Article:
SmartMove project promotes green transport in rural areas
Public transport isn't the first ride of choice in the countryside, but it could become a more popular one under a new EU project. The SmartMove project encourages a shift from car to public transport through personalised marketing campaigns focusing on the needs of travellers.
The project builds on successful campaigns carried out in Waldviertel, a rural region northwest of Vienna. Based on these experiences, it can be assumed that individualised door-to-door information campaigns typically result in 15-20 percent of the target audience switching from private car to public transport.
SmartMove adapts personalised marketing campaigns to active mobility consultancies (AMCs). The project will carry out eight simultaneous campaigns in eight rural regions in Austria, Germany, Greece, Poland, Spain and Portugal. In each region, hundreds of households will be contacted.
AMC sets the usual public transport marketing techniques on their head. Instead of asking travellers to inform themselves, transport providers (e.g. public transport companies, travel agencies or local authorities) take their message to travellers. The target residents are provided with tailor-made travel information and asked how public transport can work for them. Problems and difficulties in using public transport are identified in order to improve the system.
Each of the target regions has a different set of challenges and characteristics. The idea behind this approach is: if the campaigns succeed in these different regions, they can easily be transferred to scores of other regions throughout Europe.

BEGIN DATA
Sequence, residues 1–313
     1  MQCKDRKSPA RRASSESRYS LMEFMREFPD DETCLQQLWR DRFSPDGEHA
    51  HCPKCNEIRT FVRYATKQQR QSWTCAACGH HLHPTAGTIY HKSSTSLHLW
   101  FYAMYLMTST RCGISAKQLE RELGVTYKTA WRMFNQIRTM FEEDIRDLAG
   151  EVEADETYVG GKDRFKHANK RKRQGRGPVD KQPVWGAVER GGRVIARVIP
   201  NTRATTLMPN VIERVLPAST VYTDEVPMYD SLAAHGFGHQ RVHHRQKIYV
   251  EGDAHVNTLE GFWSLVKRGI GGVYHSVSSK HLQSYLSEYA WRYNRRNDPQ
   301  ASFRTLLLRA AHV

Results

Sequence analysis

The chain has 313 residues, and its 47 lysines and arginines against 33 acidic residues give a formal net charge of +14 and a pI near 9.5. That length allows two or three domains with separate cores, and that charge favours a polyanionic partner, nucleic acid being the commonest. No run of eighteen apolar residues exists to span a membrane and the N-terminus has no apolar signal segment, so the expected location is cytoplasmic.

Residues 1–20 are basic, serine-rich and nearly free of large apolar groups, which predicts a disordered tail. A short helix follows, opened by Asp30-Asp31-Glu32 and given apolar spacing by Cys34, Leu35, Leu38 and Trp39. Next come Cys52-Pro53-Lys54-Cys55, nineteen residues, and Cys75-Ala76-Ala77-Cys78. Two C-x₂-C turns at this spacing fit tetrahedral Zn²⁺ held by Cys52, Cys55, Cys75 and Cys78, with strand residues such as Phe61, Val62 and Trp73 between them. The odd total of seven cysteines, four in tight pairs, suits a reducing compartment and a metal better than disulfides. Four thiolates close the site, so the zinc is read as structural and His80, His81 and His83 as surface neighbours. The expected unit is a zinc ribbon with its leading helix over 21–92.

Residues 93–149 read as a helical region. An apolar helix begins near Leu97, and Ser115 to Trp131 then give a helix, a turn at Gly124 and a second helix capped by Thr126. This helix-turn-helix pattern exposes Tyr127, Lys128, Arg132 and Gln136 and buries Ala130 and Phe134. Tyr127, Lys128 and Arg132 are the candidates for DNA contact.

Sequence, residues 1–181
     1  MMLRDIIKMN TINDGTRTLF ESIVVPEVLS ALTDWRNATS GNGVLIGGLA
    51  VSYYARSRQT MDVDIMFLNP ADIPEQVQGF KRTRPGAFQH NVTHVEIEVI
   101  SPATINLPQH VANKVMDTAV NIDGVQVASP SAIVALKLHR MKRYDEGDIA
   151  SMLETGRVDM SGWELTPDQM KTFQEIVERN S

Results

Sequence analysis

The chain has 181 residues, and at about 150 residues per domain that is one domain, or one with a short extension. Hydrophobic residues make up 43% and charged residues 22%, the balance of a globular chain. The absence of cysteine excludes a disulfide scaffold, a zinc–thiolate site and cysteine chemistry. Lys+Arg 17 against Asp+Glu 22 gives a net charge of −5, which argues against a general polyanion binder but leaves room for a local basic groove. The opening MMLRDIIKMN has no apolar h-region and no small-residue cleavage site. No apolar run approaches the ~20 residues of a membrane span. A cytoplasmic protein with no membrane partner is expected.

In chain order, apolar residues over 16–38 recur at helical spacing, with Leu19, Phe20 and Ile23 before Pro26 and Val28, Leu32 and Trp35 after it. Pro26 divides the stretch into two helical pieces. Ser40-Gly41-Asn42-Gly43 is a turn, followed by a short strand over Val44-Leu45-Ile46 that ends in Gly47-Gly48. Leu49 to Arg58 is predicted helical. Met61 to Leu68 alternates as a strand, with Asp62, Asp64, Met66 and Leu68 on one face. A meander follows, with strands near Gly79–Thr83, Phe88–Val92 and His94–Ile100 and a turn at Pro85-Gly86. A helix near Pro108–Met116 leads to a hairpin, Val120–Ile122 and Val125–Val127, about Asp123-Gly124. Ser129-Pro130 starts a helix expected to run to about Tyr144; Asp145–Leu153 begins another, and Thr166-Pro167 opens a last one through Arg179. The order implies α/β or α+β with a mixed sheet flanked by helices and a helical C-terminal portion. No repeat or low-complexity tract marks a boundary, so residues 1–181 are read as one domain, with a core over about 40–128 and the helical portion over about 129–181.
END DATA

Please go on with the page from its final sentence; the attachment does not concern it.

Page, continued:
SmartMove, funded by the Intelligent Energy Europe programme, is carried out by eight partners and will run for 30 months. By getting people to switch to more sustainable, climate-friendly transport, Europe can make a big step toward targets for reducing pollution and CO2 emissions.
AMC campaigns are supported by the promotion of 'public transport feeder systems', which enable people to connect to their nearest public transport routes. This helps bridge a common obstacle in rural areas - the perception that public transport stops are too far away. Feeder systems may involve taxi-buses, car pools or cycling networks, for example.
The Regional Environmental Center (REC) is involved in the SmartMove project as a work package leader for marketing and dissemination. The REC is responsible for developing a whole range of online and print products for SmartMove, and also for promoting the project across Europe.
Details are available at the project website, www.smartmove-project.eu.